Mud, blood, bad ideas and a missed eddy that could mean trouble. The Wizard’s Eye crew checks in with a suspenseful preview of their upcoming full episode on Papua New Guinea.
After experiencing the beauty of the Solomon Islands and surviving a harrowing storm, the Wizard’s Eye arrives in Papua New Guinea where Captain Tyler Bradt has plans for a river expedition deep in the island’s wilds. They soon discover that overland voyages can be as treacherous as journeys at sea.
Stuck at home in a low-water season? Quit complaining and hit the river! Andria Davis reports on her success in making the most of a bad water year.
I was surfing The Weather Channel the other day, hoping for some good news. I clicked on a link about the upcoming summer forecast. The weather lady said something like, “If you hated this winter, you’re really going to hate this summer!” This statement really got to me—not because of the Weather Channel’s forecast, but because of her attitude. A few hours later, I caught myself complaining, “It’s so dry! There’s nothing to go kayaking on!” After so many years of just hitting the road as soon as the conditions weren’t optimal for boating, I became frustrated by the fact that I was home, it was dry, and I couldn’t escape. I, too, had fallen victim to complaining about the weather, and in the process made myself into a victim of circumstance. I realized this and decided that I needed to make a change: instead of complaining about what isn’t happening, I would learn to love what is happening. This is the yogic concept of contentment. Continue reading
The journey planned is rarely the journey taken. The Nobody’s River expedition team had no idea how true this would be as they prepared to leave for a two-month expedition in Mongolia and Russia. This film documents their journey along the Amur River, one of the few remaining free-flowing rivers of the world, and through the complexities of love and loss. From their hilarious antics to deeply human struggles, these ladies shine a light on the soul of internal and external exploration–and show us that no matter what, there is always a reason to celebrate.
Winner of 5Point Film Festival’s Spirit of Adventure Award, Nobody’s River will be screening at locations in the US, Europe and Canada in 2014 and 2015.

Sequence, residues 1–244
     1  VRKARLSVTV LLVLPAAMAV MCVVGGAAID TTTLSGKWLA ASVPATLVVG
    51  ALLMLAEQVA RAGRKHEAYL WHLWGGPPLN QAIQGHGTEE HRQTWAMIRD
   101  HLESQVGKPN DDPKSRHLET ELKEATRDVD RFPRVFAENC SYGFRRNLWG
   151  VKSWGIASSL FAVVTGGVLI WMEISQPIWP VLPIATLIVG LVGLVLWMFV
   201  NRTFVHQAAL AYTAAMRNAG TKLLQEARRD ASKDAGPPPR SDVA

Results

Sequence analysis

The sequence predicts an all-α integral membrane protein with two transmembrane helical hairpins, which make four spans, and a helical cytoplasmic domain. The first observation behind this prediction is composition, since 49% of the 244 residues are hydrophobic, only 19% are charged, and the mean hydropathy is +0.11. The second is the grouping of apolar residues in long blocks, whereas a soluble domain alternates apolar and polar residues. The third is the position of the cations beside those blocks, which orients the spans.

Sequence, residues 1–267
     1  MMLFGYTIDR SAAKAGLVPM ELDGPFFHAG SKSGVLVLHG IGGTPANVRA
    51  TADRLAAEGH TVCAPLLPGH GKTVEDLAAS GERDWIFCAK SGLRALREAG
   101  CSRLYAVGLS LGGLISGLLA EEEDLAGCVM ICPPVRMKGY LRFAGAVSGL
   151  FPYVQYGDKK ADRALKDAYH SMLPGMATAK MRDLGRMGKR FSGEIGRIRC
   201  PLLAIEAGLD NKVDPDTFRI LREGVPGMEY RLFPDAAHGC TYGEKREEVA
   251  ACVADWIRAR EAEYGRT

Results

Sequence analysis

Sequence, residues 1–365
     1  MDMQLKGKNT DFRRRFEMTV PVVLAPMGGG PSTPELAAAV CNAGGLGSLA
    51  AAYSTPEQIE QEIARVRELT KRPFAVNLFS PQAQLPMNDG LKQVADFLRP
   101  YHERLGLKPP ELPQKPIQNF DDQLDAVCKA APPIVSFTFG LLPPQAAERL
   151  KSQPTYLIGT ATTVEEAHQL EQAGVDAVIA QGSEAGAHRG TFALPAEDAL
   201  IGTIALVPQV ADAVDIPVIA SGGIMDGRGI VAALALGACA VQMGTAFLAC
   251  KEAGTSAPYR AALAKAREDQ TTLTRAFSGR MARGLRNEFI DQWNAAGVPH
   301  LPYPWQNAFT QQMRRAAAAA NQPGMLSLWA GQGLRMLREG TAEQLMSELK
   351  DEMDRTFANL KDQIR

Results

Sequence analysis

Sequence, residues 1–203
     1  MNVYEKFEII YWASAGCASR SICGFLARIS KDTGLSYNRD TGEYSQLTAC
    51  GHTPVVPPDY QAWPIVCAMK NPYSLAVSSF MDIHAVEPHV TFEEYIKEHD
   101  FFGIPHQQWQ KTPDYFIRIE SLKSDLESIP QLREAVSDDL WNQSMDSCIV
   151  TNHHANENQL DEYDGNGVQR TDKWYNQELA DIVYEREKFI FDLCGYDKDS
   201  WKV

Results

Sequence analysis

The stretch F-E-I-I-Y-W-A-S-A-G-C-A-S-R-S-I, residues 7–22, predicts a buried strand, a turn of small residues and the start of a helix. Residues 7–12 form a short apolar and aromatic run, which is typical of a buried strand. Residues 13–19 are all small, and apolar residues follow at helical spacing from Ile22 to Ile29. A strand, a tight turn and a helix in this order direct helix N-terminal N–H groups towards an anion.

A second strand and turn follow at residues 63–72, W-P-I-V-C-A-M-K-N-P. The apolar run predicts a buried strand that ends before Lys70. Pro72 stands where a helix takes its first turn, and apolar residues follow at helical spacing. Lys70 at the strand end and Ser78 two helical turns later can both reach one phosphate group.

Visit nobodysriver.org for more information on more about the film, upcoming screenings, or to host a screening.
Multiday raft trips are usually associated with the western U.S., but Andria Davis reports that fine river trippin’ can be found in the Southeast too.
Multi-day raft trips have become a necessity for my husband Leland and me. Extended trips give us the chance to completely let go of society and all our mundane worries and live on river time. When I’m on river time, I’m completely in the moment in the most perfect place on Earth: the River.
Whether you’re stuck in a tent waiting out a storm or just kicking back on a layover day, immersive board and card games are a great way to stay in the flow when you’re not on the water. Rob Lyon has these recommendations.
Imagine four antsy sea kayakers stuck for a week in a leaky cabin at the tip of Vancouver Island. A storm rages outside the cracked and missing windows and a board game is spread on a makeshift table.
“Your turn, man,” I say, for perhaps the fifth time that night.
“Oh . . .”
“Dude,” I say to Mikey. “You gotta tell him it’s his turn when you’re finished with yours.”
“Game could go on all night with each of us thinking it’s the other guy’s turn.”
Colin says, “But all night is exactly what we’ve got.”
We all laughed at this, but Colin had put truth to fact. Continue reading
Where does Team NRS paddler and Wizard’s Eye Expedition leader Tyler Bradt get his legendary enthusiasm and love-of-life? Spend some time with his father, Bill, and it’s obvious. The new video short “Papa Bradt,” directed and edited by Tyler during a Wizard’s Eye stopover in Fiji, capture’s Bill’s infectious spirit and his philosophy on risk and raising kids.
Longtime Team NRS freestyle kayaker Devon Barker-Hicks discusses the trend toward surfing more than just kayaks on river waves and why she likes sharing the lineup with surfers, SUP boarders and catarafters.
A few days ago, while surfing my kayak at Race Creek on the Salmon River, I was stopped by two guys in a mini-van. They had the Playboaters Guide to Idaho in hand (a kayak surfing guidebook written in 2000) and surf boards in the back. They asked for recommendations for waves to surf in route to the Lochsa. They were a road trip to the famous Pipeline wave. There have been stand-up surfers riding Pipeline since I was paddling a Perception Dancer, but not many joined the lineup on the Salmon until recently. Of course, it was only a matter of time. These days, you’re as likely to see a board surfer or cataraft surfer on the salmon as someone paddling a playboat, and that’s part of a trend that extends beyond Idaho to surf waves all around the world. River surfing is fun no matter how you ride the wave.